I think a lot of confusion comes from the fact that there are two separate places to create “users.” One is to create a list of allowed readers. Another is to create collaborators with various levels of editorial or administrative control. Calling them both users and putting the controls in different places, with no mention in either place of the other kind of users is bound to lead to confusion. Neil is not alone. I struggled with this for a long time. It would seem sensible to put all permissions set-up in one place. Ideally that would be where the three levels of collaboration are now. There would be a fourth, lower, level called “readers” or “viewers.” I think doing this would save your constituents a lot of time, would help engender positive feelings toward WordPress (which, by the way, you all deserve, for putting such a great tool on the web for free), and would save you and your colleagues a lot of explanation time.
If the blog is NOT sitting on the home page of the site, how can I password-protect it?
I tick the checkbox for the password protection on the ‘blog page’ but it doesn’t work.
My WordPress.org installation is sitting one level down from root.
Hi Griff. If you’re running a self-installed version of WordPress, you’ll need to add a plugin to get the same functionality for making your blog private. There are several in the WordPress plugins directory. I hear that Members Only is a popular choice. Hope that helps
I want to make it so I can give one name and password out to many people so they can just log in before they see my account. Don’t want everyone to have to sign up for WordPress. Is this possible, and if not, is there a blog that I can use that it is possible?
Hi Rebekah, for security reasons and issues of ownership, it would be better to have people sign up for their own accounts. Especially if you give them any editing rights, as this could lead to problems otherwise. You could plausibly create an account yourself and give the details to anyone you wanted – but this is definitely not recommended. If you’d like further control over your blog (beyond the capabilities of the one you have on WordPress.com), you might want to consider self hosting your own WordPress blog rather than using the WordPress.com service.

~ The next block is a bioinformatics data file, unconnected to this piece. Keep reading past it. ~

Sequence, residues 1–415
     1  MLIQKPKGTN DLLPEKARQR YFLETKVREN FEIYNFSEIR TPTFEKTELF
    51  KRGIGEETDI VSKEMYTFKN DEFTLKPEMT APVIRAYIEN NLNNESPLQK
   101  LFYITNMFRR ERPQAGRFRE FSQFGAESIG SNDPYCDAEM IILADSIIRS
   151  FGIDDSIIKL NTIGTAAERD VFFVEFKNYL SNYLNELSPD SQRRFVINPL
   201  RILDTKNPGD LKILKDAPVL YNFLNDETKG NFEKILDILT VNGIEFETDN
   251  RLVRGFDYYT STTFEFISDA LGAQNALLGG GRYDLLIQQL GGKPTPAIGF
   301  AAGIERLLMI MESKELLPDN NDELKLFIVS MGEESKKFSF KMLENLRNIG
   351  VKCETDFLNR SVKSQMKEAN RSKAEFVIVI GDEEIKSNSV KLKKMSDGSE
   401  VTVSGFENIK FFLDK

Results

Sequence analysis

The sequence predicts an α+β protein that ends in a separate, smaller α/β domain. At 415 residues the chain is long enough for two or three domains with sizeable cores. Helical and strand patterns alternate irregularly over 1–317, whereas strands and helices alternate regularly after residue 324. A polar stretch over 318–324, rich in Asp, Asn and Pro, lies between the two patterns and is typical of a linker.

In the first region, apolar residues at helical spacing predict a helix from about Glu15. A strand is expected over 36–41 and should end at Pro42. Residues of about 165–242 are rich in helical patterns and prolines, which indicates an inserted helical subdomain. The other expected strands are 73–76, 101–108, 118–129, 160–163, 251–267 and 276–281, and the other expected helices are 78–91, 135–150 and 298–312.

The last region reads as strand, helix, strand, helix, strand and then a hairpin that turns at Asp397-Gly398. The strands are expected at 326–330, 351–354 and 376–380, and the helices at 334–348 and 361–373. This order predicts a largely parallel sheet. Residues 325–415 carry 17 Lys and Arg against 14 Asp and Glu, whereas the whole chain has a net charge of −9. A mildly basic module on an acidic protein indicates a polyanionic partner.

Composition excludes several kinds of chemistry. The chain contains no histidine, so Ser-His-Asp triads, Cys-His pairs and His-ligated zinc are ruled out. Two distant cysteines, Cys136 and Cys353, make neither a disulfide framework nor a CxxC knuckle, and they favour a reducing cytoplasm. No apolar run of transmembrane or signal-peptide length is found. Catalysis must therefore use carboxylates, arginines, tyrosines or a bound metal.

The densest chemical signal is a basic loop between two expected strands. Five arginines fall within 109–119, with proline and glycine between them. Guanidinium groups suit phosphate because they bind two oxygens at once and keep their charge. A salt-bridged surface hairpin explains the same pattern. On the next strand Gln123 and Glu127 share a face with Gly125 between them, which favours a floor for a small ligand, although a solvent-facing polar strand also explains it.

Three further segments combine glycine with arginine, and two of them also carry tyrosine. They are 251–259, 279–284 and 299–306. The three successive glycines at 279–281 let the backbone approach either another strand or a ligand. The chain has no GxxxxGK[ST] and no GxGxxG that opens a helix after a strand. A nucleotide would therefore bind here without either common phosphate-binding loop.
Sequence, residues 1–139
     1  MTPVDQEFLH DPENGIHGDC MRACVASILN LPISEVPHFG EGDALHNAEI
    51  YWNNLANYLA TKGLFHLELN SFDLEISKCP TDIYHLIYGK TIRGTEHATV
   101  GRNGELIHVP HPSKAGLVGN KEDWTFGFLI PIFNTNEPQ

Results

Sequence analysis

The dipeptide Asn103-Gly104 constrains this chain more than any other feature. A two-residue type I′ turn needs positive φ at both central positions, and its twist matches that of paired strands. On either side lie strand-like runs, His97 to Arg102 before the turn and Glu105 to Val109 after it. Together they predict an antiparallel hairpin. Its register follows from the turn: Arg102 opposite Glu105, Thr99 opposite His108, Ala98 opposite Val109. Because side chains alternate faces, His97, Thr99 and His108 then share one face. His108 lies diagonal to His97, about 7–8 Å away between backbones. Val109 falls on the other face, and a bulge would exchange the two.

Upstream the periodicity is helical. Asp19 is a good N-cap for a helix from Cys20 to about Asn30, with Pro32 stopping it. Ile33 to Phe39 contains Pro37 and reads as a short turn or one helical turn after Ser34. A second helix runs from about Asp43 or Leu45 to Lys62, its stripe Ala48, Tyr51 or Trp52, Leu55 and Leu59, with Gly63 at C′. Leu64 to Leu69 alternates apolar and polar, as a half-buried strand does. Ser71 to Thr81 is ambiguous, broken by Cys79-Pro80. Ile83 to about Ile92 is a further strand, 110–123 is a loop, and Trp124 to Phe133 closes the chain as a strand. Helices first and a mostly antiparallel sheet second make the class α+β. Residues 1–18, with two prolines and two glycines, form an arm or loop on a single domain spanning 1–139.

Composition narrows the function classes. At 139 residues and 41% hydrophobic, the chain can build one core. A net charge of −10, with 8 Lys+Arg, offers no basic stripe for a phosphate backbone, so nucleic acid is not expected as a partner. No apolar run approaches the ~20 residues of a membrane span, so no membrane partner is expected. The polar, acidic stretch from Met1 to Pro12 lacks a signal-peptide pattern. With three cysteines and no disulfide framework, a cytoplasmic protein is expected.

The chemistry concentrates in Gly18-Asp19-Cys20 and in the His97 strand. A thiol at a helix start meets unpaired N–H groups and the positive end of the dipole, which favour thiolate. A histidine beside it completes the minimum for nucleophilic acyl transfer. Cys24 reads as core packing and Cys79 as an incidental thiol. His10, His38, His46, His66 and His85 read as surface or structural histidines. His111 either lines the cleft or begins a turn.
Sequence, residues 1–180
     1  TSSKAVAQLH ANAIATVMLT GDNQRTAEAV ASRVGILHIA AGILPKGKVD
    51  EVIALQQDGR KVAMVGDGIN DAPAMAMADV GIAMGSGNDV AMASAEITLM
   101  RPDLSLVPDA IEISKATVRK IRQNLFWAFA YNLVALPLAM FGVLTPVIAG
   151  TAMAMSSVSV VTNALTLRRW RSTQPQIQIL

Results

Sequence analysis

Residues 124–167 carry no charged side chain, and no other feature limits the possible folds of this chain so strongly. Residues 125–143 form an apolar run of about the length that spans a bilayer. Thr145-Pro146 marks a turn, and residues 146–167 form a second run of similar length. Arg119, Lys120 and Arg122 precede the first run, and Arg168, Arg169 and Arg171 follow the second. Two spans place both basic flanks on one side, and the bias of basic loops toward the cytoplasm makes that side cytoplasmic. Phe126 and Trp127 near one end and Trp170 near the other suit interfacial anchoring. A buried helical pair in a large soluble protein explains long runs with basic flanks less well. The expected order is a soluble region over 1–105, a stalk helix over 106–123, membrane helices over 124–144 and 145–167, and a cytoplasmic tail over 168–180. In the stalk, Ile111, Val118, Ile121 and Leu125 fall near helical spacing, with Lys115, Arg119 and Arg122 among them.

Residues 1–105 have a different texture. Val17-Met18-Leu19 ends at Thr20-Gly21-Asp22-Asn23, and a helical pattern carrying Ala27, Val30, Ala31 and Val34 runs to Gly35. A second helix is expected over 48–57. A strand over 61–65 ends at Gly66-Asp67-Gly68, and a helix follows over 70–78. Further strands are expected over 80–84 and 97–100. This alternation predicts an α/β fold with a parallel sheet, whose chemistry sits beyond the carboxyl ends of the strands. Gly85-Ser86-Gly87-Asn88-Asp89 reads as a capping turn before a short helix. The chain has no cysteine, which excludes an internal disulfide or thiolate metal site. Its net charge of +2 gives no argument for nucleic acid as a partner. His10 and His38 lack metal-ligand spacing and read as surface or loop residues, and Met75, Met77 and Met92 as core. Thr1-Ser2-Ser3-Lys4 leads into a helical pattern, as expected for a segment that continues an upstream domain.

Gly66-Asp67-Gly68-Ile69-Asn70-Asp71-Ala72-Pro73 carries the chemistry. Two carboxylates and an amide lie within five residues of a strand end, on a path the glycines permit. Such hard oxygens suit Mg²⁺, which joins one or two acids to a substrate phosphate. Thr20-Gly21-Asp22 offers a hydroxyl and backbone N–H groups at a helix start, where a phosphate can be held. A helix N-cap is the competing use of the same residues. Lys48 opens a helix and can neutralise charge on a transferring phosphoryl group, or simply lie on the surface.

Is there any way to have 200+ individuals, each with their own username and password that I select, be able to access posts I create (only)and have them alerted to new posts through an RSS feed? Private? Password Protected? WHAT?! So very confused….
For 200+ individuals, you can upgrade to “Unlimited Private Users” from the upgrades tab of your WordPress.com blog (for self-hosted blogs you wouldn’t need to upgrade). You can set your blog to private, but private blogs aren’t able to send out RSS notifications. See this forum entry for more information. If you’re self-hosting there are plugin solutions to this problem (setting up private RSS feeds) – running a search from the plugins browser of a self-hosted blog for “private feed” “private RSS” etc
Hi. Like the others I am having my blog be private and just for a certain group. What I can’t determine is whether I still need to mark each post as private or does making the blog private mean that I leave the individual posts as public?
Thanks for any help.
If your blog is set to private, members have to log in to read it. Anyone trying to read the blog will just see a login screen at your URL – all of the content is hidden.
If I’m setting up a blog as private for invited-only users, is it a problem to use a template (Regulus) which has RSS feed buttons. I wonder if it would be possible for an invited user to enable the RSS feed on another site, thereby the supposedly “private” posts are publicly fed? Thanks for any advice.